Tax Implications When Buying a Franchise
Investing in a franchise is a good way of growing your business and although you will suffer a short term loss, the prospects of long-term gains are far stronger. But what are the tax implications of investing in franchises now and in the future and how can you ensure you will not leave your business vulnerable?
Surprisingly, HMRC does not have any special rules for tax deductions in relation to franchises. Although you are likely to accrue profits in the long-term which will have to be declared in your self assessment tax return, the initial outlay may leave you financially vulnerable – therefore you don´t want to be paying unnecessary tax as well!
Understanding tax liabilities in relation to franchise arrangements can be complicated, but providing you knowing exactly what you are paying for, the tax rules are the same as the day to day running of you business. Therefore you are entitled to tax breaks if your franchise investment package includes stocks and shares or the hiring of equipment and premises.
Potential problems can arise in relation to tax liabilities if the franchise you invest in does not break down what is tax deductible and what is not – therefore you will have decide this for yourself and declare it in your Self Assessment Tax Return Form. And herein lies the greatest danger, because even if you apply your best judgement to deduct the appropriate tax, if HMRC consider you have made a mistake they can fine you a minimum of £100. Ignorance of the rules is not a defence you can argue to avoid payment. The rules are harsh and strictly applied.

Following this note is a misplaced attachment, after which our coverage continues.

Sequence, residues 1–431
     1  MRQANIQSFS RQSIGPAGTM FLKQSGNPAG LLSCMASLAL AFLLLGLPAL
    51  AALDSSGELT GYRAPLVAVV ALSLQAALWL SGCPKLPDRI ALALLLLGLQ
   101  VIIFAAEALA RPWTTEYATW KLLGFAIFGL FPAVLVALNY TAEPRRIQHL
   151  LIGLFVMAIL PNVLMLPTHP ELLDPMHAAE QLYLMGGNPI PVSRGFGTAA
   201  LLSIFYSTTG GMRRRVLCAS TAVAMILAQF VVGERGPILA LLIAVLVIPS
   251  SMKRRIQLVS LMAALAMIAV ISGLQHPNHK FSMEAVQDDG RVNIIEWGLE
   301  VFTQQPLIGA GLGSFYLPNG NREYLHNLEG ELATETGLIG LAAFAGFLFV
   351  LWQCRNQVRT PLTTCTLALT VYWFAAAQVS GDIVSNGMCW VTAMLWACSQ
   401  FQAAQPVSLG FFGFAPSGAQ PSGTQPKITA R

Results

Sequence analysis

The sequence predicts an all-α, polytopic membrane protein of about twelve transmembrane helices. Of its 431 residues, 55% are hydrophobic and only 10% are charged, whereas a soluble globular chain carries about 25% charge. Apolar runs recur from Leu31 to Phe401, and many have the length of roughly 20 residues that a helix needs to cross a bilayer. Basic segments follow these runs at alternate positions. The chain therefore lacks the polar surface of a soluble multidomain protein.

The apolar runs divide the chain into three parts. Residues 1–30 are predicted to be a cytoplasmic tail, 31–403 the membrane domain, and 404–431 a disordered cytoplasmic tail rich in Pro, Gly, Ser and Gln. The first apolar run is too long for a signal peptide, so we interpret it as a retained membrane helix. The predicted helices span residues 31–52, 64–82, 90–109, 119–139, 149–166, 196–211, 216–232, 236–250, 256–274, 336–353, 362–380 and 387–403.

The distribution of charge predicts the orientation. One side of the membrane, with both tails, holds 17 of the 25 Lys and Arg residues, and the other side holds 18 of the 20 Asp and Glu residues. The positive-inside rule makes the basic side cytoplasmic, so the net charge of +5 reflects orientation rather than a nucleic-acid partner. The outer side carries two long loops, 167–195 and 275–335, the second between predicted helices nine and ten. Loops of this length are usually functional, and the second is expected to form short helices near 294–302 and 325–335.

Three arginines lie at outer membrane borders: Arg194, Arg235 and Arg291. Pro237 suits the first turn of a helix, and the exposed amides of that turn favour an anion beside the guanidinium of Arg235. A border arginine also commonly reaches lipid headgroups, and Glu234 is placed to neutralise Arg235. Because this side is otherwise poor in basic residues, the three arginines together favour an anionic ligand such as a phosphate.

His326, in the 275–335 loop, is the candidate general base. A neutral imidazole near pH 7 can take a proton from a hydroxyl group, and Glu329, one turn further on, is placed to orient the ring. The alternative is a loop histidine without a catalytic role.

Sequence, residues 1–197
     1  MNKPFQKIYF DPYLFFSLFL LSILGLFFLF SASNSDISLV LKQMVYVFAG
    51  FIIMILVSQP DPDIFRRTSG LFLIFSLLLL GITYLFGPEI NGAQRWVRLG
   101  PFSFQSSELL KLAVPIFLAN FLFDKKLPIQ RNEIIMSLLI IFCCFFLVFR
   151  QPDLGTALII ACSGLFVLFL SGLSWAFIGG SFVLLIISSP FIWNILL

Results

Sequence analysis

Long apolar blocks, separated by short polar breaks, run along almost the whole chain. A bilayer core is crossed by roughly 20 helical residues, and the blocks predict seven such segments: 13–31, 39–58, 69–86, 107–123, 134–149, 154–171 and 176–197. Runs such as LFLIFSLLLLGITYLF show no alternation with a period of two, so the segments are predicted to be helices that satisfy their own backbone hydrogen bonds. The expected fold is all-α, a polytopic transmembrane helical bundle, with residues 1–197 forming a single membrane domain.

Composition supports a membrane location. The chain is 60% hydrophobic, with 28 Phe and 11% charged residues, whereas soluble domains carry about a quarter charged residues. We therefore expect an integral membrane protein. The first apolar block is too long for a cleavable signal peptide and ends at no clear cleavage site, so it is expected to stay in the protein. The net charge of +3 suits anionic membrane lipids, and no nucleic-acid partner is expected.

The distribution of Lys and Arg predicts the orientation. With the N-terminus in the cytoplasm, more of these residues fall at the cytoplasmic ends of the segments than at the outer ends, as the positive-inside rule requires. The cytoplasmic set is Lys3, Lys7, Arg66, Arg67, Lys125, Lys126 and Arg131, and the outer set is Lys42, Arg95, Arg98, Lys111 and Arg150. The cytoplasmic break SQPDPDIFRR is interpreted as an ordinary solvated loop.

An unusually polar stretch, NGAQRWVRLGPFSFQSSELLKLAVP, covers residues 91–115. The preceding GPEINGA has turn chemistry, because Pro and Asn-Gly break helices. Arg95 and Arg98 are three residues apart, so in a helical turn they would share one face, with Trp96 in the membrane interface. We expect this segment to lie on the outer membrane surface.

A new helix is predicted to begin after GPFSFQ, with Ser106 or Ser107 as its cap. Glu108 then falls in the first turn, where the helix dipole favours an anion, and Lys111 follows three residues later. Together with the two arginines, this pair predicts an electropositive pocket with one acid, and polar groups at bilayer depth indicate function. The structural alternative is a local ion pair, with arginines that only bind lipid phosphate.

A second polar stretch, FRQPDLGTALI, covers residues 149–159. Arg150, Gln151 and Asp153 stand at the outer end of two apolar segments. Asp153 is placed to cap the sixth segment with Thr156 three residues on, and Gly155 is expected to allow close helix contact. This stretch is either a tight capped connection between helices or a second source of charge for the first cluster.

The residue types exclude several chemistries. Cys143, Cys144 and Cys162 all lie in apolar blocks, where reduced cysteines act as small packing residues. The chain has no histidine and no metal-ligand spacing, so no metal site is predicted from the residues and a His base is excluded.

Tax deductions for lump sum franchise payments
Particular care should be taking when you are attributing lump sum payments as the tax man accounts this as part of Capital Gains Tax. If HMRC do that you may have to wait until you sell your franchise before you can claim anything back and the tax relief is likely to be less than if it is categorised as a trading profit.
To avoid losses therefore, consider the tax implications of a franchise before you buy into it. Goodwill rights for example, are not tax deductible and if you are left with expenses from your trade income that have expired or cannot sell you will not get any tax relief. If in doubt speak with a qualified chartered accountant who will be able to advice you accordingly.
What other tax liabilities might I have?
Other tax implications you should consider is if you change your business to a limited company before entering into a franchise agreement. The reason for this is because limited companies are given tax breaks for the cost of intangible assets such as rental equipment and staff training whereas sole traders and partnerships do not.
If you are thinking of entering into a franchise agreement and would like some advice about potential tax liabilities and deductions contact Taxaccolega on our free phone number 0800-0235-234 or email us at email@example.com and speak to a member of our friendly and knowledgeable team.